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Going Bare

So many fixtures we have are truly works of art, in and of themselves. Traditionally most of these lights can be completed with a set of ornate art glass shades. In keeping with the on-trend eclectic mix of ornate and heritage style we are seeing – we’ve been going bare-bulbed.

Here is a look at some spectacular fixtures we’ve restored, but we have either left off the shades – or these particular beauties aren’t intended to have them. We think you will adore the clean silhouette and glow of an Edison bulb, in contrast with the ornate body of an antique fixture – stunning for heritage homes and contemporary spaces alike.

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This antique pan light fixture in the Colonial Revival style (circa 1912) with a drawn-out body and heavy cast arms is perfect for a heritage space. Fitted with bare bulbs on pattern matched bell holders and oversized canopy this fully decorated light has been restored with its original finish.

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Envision this light over your wooden drawing board in your studio or over your desk in your converted loft space. This 1920s antique pan light fixture with and Art Nouveau embossed motif is such an excellent combination of delicate design and functionality. This fixture has an original finish with a natural patina. Fully decorated with vines and leaves on body, canopy and bells; restored and re-wired, ready to hang – and light up a space.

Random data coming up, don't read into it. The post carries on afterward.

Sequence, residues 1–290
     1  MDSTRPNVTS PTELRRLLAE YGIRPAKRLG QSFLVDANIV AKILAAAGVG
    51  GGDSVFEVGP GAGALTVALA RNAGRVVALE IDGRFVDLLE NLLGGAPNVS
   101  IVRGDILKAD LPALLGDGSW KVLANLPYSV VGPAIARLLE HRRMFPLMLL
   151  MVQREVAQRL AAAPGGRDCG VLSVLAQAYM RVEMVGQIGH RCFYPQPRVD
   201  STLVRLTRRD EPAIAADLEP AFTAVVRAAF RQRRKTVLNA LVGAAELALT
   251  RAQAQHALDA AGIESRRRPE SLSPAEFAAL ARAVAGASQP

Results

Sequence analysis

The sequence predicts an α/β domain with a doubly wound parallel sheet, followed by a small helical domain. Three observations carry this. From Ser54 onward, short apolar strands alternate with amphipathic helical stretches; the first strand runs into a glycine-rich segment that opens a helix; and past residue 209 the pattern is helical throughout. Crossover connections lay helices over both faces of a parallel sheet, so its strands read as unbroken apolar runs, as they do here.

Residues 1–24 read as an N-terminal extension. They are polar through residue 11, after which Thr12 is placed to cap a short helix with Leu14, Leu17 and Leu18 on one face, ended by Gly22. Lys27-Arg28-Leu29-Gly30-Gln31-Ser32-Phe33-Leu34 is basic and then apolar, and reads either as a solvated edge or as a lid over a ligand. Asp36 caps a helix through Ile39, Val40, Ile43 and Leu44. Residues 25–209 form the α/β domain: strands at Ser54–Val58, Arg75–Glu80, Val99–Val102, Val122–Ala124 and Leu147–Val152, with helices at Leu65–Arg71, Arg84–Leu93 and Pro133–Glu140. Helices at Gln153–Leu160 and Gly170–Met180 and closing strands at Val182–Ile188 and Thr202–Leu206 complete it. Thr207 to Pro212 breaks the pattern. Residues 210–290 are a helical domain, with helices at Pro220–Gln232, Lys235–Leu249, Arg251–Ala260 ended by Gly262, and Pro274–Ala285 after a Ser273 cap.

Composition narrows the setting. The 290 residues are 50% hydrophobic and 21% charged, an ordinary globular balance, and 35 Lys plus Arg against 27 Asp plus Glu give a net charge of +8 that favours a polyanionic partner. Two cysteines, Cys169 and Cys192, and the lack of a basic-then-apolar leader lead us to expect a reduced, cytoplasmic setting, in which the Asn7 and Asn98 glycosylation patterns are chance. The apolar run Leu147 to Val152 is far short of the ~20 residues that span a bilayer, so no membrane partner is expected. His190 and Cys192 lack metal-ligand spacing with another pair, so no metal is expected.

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The bare bulb look does not get much better than this spectacular 1920′s Art Deco chandelier which is a striking example of the period. This light’s organic foliate motif is crafted and arranged to form a streamlined silhouette compounded by castings of fleur-de-lis. Twelve on six bare bulbs with acanthus leaf holders encompass the fixture, which has an original silver plated finish and natural patina that only comes with age.

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Suspended by the original avant-garde chain link and foliate canopy. This light would be incredible in a dining room or grand foyer – but would be absolutely killer taking its place in a grand home theatre room.

Maybe you’ll be going bare in your next lighting design move… you may find it more exciting then you imagined…